Clemson Fights Claims Football Coach Is Promoting Christianity

Image: Clemson Fights Claims Football Coach Is Promoting Christianity Head coach Dabo Swinney and his Clemson Tigers celebrate their 25-24 win over LSU in the 2012 Chick-fil-A Bowl at the Georgia Dome.

Thursday, 17 Apr 2014 02:43 PM

By Drew MacKenzie

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Clemson University has denied its football program is pushing Christianity on its players, saying that the sports staff are "compliant with the Constitution."

Head coach Dabo Swinney has been accused by the atheist organization Freedom From Religion Foundation of fostering a culture in his team that crosses the line between church and state set out in the Constitution, according to The State.

Cathy Sams, chief public affairs officer at the South Carolina university, issued a statement stating that Clemson believes "the practices of the football staff regarding religion are compliant with the Constitution and appropriately accommodate differing religious views."

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Her statement added, "Participation in religious activities is purely voluntary, and there are no repercussions for students who decline to do so. We are not aware of any complaints from current or former student-athletes about feeling pressured or forced to participate in religious activities."

The foundation, a Wisconsin-based religious watchdog group, sent a letter to the public university in Clemson, S.C., demanding that school officials stop the "commingling of religion and athletics."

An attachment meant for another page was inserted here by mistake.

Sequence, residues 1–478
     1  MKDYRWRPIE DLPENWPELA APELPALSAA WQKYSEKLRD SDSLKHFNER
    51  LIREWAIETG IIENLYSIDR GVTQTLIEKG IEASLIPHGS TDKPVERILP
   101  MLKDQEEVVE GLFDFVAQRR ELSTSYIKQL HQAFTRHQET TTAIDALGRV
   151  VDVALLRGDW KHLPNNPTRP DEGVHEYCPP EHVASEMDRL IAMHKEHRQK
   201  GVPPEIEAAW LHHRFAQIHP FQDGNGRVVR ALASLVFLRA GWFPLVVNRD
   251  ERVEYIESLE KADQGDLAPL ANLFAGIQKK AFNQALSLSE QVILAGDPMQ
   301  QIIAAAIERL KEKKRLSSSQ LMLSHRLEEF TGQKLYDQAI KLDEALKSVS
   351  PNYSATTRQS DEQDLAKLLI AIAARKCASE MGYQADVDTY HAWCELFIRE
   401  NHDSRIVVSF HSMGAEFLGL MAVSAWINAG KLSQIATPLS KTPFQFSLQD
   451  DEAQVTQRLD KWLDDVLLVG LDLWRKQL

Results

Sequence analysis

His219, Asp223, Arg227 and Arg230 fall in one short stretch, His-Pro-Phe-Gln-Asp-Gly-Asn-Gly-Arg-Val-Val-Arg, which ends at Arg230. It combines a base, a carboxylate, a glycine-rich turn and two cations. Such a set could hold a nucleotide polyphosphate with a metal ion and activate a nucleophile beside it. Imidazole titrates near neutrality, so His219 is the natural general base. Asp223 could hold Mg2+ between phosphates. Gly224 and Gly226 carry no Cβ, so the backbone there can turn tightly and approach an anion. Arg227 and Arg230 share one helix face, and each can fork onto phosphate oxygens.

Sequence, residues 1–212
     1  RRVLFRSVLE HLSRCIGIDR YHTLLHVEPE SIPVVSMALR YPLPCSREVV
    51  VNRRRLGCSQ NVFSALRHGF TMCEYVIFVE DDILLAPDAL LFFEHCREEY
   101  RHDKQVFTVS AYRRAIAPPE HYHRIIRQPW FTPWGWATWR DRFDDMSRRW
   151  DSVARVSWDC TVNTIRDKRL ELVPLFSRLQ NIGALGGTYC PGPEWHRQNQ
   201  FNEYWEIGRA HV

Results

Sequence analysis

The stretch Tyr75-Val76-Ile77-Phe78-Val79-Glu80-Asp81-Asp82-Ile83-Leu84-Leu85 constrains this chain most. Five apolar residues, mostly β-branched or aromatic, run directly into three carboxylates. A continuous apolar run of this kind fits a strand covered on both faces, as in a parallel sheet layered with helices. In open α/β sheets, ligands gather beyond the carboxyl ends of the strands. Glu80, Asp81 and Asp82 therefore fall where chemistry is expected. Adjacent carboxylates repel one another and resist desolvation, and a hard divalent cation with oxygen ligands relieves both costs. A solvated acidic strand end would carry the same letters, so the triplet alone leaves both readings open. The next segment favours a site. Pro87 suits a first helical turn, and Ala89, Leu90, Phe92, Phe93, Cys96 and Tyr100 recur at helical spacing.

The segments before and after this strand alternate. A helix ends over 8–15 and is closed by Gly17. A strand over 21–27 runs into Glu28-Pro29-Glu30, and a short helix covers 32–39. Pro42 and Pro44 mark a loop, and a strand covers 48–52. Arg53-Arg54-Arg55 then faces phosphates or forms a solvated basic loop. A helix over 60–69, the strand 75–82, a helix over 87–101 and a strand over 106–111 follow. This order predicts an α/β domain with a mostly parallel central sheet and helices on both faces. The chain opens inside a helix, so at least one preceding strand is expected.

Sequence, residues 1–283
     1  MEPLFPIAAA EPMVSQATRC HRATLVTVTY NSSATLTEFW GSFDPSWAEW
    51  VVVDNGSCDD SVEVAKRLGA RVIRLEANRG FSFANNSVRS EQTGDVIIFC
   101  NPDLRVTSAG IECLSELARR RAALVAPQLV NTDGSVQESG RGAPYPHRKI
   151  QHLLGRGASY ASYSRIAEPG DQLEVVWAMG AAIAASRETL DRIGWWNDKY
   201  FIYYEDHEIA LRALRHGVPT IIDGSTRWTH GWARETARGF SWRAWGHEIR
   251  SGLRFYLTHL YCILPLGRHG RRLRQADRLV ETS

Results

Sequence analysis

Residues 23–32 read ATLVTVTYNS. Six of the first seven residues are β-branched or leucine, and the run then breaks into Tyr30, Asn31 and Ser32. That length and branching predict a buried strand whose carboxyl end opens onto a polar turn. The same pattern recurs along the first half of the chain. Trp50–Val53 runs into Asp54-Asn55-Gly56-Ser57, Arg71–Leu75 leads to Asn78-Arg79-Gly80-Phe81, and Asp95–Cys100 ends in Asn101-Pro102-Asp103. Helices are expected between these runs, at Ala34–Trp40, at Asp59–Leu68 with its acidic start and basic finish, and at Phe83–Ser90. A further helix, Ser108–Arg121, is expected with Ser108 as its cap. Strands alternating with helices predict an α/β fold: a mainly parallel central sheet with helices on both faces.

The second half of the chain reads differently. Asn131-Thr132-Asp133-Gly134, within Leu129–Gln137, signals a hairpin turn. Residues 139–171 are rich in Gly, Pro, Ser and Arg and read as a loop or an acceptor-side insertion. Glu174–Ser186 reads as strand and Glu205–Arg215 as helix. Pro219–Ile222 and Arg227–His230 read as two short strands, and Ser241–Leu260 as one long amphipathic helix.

The non-profit organization said that the 21,000-student institution must end the department’s emphasis on prayers, Bible studies and other religious activities, including busing players to local churches for Sunday services, The State reported.

"What we have observed is that the football coaching staff is doing a number of things to promote Christianity to their student-athletes," foundation staff attorney Patrick Elliott said. "While student-athletes can pray, conduct Bible studies and engage in religious activities, the coaching staff, as public employees, should not be doing that with their student athletes."

Annie Laurie Gaylor, co-president of the foundation, said that the organization learned that the football program had allegedly crossed the church-state barriers from concerned Clemson students.

"Football players should not be subjected to religious tests to play," she said. "The principle is that you cannot compel someone to go to church. These students can go to their own churches."

Swinney, who recently signed an eight-year deal worth $27 million, has been open with his devotion to God and how his faith in Christianity helps him in everyday life, The State noted.

"To be here as the head coach at Clemson, that doesn’t just happen," Swinney said after being named head coach in 2008. "I hope people will really listen to me when I tell them what my secret to success is, and that is to put your eyes on the Lord in everything you do, and believe in yourself, and don’t quit."

The foundation singled out team chaplain and former Clemson Tigers player James Trapp, pointing out that as a paid employee of a state university he "may not proselytize or promote religion."

But a Clemson official said Trapp is a team volunteer "adviser" and he’s not employed by the university, even though he’s listed as campus director of the Fellowship of Christian Athletes organization.

The religious firestorm surrounding the college blew up just as Chad Kelly, the sophomore frontrunner for Clemson quarterback, was dismissed from the team this week for detrimental conduct after reportedly mouthing off to coaches during Saturday's spring game.

Kelly, the Niagara Falls, N.Y., native who's also the nephew of former NFL quarterback Jim Kelly, started Saturday's Orange and White game, but was benched in the second half after throwing two interceptions.

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